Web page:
If you are running a printing organization, you already wear many hats. That is because the owner, president, or chief executive officer is in charge of everything that goes on in the print shop.
Contrary to popular belief, being in charge doesn’t mean that print owners sit in a big chair behind a big desk in a big office, snapping their fingers all day long, minions running here and there. Or barking orders, expecting that they will be instantly carried out to perfection.
Many leaders fail to understand that everyone in the organization looks at them all the time. Even when people aren’t visible, the leader is being watched. Employees at all levels take cues from the person at the top.
People want their leader to be professional, friendly, and focused. They want a boss who is pleasant, treats people with dignity and respect, and who smiles and says “hello.” Most employees will step up to the demands placed on them by a tough boss. Everyone wants a fair boss who does the right things for the organization.
There are three new roles that the man or woman at the top has—three roles that must be played. These duties are not seen on a formal job description, yet they are critical to your company’s success.
Cheerleader in Chief
The first is that of Cheerleader in Chief (CIC). Some who are running printing companies don’t think that they need to be cheering others on. Some leaders don’t feel that they need to praise or compliment people. But these things are necessary—especially in these times, when there is uncertainty about the future.
People need to be “pumped up” when they are at work. If the person at the top is not recharging the batteries of the people in the organization, something is wrong. Maybe the owner needs to be hooked up to a battery charger first to have enough energy to pass along to others.
As the CIC, it’s not necessary to be joyful, happy go lucky, or a joker. It is necessary to be polite, nice, and pleasant; spreading a positive attitude of “can do.” Employees at every level look to the person at the top as the one who sets the tone for the organization. If their boss has a poor attitude, why should any employee feel any differently?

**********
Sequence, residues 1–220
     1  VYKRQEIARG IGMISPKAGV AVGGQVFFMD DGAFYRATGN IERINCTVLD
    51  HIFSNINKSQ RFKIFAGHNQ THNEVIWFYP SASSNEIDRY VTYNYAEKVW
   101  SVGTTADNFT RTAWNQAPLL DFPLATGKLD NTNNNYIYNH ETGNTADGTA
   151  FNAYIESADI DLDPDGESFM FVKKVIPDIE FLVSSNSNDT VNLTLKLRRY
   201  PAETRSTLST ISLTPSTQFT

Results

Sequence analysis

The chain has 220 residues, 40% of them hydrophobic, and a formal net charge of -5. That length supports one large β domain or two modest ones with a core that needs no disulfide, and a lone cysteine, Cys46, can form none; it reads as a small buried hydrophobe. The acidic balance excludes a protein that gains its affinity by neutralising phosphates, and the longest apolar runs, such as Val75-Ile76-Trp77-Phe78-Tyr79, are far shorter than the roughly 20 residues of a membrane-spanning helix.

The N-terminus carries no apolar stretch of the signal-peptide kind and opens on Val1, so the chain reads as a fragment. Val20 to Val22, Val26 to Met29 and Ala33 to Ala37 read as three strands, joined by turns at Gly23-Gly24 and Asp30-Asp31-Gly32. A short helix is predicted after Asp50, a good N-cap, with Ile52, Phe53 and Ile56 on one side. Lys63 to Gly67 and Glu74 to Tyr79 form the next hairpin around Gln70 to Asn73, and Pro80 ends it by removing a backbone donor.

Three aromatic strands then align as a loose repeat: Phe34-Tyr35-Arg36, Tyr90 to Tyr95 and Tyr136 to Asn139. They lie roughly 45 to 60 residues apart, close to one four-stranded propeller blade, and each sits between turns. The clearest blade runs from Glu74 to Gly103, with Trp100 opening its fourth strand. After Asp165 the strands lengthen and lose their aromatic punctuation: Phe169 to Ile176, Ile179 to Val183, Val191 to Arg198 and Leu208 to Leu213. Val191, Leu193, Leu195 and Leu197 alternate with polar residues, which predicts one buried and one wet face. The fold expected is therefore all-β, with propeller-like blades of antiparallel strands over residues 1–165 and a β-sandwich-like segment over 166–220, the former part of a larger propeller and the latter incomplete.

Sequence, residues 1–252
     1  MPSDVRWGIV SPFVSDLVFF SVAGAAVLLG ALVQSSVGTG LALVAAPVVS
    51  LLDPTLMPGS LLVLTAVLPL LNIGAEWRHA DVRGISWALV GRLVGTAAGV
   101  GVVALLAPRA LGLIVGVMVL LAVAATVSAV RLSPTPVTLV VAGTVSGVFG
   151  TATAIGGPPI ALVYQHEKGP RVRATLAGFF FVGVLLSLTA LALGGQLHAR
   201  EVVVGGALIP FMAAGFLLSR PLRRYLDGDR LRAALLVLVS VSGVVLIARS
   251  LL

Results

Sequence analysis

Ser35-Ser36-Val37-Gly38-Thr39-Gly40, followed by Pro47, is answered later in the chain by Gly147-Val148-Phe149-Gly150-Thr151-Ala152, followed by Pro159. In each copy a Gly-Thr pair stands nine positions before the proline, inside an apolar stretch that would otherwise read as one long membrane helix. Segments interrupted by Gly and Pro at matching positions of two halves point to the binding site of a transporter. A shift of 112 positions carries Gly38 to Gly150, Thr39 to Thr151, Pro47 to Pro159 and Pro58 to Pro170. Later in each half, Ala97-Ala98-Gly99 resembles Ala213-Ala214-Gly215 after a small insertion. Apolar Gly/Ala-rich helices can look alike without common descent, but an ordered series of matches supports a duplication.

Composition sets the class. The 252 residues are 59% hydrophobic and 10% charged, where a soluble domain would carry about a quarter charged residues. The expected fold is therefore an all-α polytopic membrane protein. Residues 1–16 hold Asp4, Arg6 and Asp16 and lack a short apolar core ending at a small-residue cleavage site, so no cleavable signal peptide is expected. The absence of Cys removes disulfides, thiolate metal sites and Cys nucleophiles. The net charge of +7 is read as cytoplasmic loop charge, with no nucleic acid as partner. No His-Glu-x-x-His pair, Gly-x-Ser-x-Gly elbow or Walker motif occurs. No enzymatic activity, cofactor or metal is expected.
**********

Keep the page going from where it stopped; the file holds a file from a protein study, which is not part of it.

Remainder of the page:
Chief Personnel Officer
In your role as Chief Personnel Officer (CPO), employees need to know that the person in charge knows which workers are productive, supportive, and working hard. Those employees also need to know that the leader knows who is not contributing.
Those who are dedicated, putting in the extra effort, and doing whatever it takes for the organization to succeed, look to the person on top to recognize the efforts being made. Hard working people need recognition and praise, even if it is not done in public.
The DNA of the dedicated print shop employee compels them to exhibit hard work, dedication, and drive. These types of people want to know that the boss appreciates them for what they do. There are some bosses who do not believe that this kind of employee needs praise. After all, their reasoning goes, if the employee receives a paycheck that should be praise enough.
Dedicated employees are not the ones who only work really hard when their annual performance appraisal is coming up. Dedicated employees don’t work for money alone. They work hard because of who they are. When a leader loses the support of these employees, he loses the core support of the organization. Hard working dedicated employees do 80% of the work in most organizations.
Those same hard working employees want to know when the CPO is going to start calling on the carpet those who are not productive. The hard working employees want to know when the CPO is going to start providing the motivation to improve the work ethic and results delivered by those who are under producing.
Chief Future Communicator
The third new role that the leader must play is that of Chief Future Communicator (CFC). This is the role of the visionary. If people are going to stay at a place of employment, they want to know that the organization they are a part of will be around in the future.